These are the maximum speeds on motorways:
- Between 06:00 and 19:00: 100 km / h (except for the 80 km / h routes)
- Between 19:00 and 06:00: 100 km / h, 120 km / h or 130 km / h (depending on the route)
- When the rush-hour lane is open, an adjusted speed limit applies (80 or 100 km / h).
Autoweg or expressway
The beginning is indicated with sign G3.
- 100 km / hour maximum speed outside the built-up area (unless otherwise indicated)
- 50 km / hour maximum speed in built-up areas (unless otherwise indicated)
- For motor vehicles capable of being driven at speeds greater than 50 km/h
Inside and outside the built-up area
The beginning of the built-up area is indicated with sign H1.
- Within the built-up area a maximum speed of 50 km / hour applies for motor vehicles
- A maximum speed of 80 km / h applies to motor vehicles on non-motorways / non-expressways outside of built-up areas
Special speed limits
If there is no lower speed limit, the following special speed limits apply to the following vehicles:
- 100 km / h for T100 buses
- 90 km / h for vehicles (cars, delivery vans, motorcycles, three-wheeled motor vehicles and T100 buses) towing a trailer not exceeding 3500 kg
- 80 km / hour for lorries and buses
- 45 km / hour for brommobielen (microcars / 4 wheeled mopeds)
- 25 km / h for snorfietsers (low speed mopeds), agricultural vehicles and motor vehicles with limited speed
Maximum speed mopeds and invalid carriage
The maximum speeds for mopeds and invalid carriage with motor.
- 45 km / h on the road inside and outside the built-up area
- 40 km / h outside the built-up area on the bicycle path or the bicycle/moped path
- 30 km / hour within the built-up area on the bicycle path or the bicycle/moped path
A speed pedelec is an electric moped
Based on the road markings you can divide roads into different types of roads. Outside the built-up area you can encounter three types of roads where usually the same speed limit is used.
- 60/80 km roads do not have a line a the center of the road (60 km if there is a sign with 60)
- 80 km roads have a double axis line
- 100 km roads (autowegen) have a double axis line filled with green
The road markings do not change the speed limit. For example, traffic signs are more important than road markings. The road markings are intended to provide extra clarity, guidance and safety. You can use the markings as a reminder. The double axis lines ensure that you keep more distance from the oncoming traffic. There are usually no lines in the center of small roads or dyke roads. On these roads you have to drive slower and more carefully.
Following distance or headway
You must maintain a distance of approximately two seconds from the vehicle ahead. You can easily check this by choosing a point beside the vehicle in front and count how long it takes for you to reach that point.
In unfavourable (weather) conditions, two seconds is too little. On the motorway, two seconds is often excessive.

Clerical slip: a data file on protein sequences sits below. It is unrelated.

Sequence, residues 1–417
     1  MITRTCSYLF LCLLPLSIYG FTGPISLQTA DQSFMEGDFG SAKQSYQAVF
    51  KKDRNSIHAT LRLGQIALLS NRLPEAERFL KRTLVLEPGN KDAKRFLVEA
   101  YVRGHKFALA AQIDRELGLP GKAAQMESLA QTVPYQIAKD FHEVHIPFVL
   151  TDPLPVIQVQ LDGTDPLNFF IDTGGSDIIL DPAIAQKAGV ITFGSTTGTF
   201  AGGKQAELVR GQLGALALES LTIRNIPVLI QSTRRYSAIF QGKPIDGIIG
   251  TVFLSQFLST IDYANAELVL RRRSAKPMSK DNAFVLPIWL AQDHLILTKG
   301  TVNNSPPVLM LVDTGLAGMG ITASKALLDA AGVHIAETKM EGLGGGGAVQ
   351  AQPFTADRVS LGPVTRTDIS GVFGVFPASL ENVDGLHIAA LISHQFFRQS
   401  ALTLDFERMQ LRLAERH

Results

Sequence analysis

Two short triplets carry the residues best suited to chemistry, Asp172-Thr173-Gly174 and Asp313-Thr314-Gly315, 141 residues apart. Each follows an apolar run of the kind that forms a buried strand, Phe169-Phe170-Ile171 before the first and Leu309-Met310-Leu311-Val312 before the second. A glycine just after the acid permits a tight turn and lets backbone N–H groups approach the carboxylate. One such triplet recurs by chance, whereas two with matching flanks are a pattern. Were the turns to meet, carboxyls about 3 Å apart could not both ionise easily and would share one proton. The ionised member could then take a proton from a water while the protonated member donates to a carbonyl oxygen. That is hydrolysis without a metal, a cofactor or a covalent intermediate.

The reaction time is the time a driver needs to process a development in traffic (eg a stop signal) and respond to it (eg braking). A good physical and mental state have a positive influence on the reaction time.
The distance travelled in the time required to respond is called the reaction distance. Older persons sometimes need more time to respond than younger persons.
- The reaction time of an average driver is 1 second.
- Starting a car ride well rested has a positive influence on the reaction time.
- Fatigue, distraction, alcohol and drugs have a negative influence on the reaction time.
Calculating the following distance
You can also calculate the two seconds distance in metres. There is an easy formula for calculating this: velocity / 2 + 10%. For example, 50 km/hr / 2 = 25. 10% of 25 is 2.5. So the result is 25 + 2.5 = 27.5 m headway Some examples:
- 30 km / hour: 30/2 + 10% = 16.5 metres
- 50 km / hour: 50/2 + 10% = 27.5 metres
- 100 km / hour: 100/2 + 10% = 55 metres
- 130 km / hour: 130/2 + 10% = 71.5 metres
The stopping distance is the distance a vehicle travels from the moment the driver receives a signal to stop until the vehicle has come to a standstill.
The stopping distance is the sum of the reaction distance and the braking distance.
- The reaction distance is the distance a vehicle travels, from the moment the driver receives a signal to brake, until the moment the driver presses the brake pedal.
- The braking distance is the distance the vehicle travels from the moment the driver presses the brake pedal, until the moment the vehicle comes to a standstill.
When calculating the reaction distance, we assume a reaction time of 1 second. You only need to know how much distance is travelled by the vehicle per second.
The distance travelled per second is easy to calculate with the formula: divide the speed by 10 and multiply by 3. When driving at 50km/h, the reaction time is thus 50/10 = 5 and 5 * 3 = 15 metres.
- 30 km / hour: 30/10 * 3 = 9 metres
- 50 km / hour: 50/10 * 3 = 15 metres
- 100 km / hour: 100/10 * 3 = 30 metres
- 130 km / hour: 130/10 * 3 = 39 metres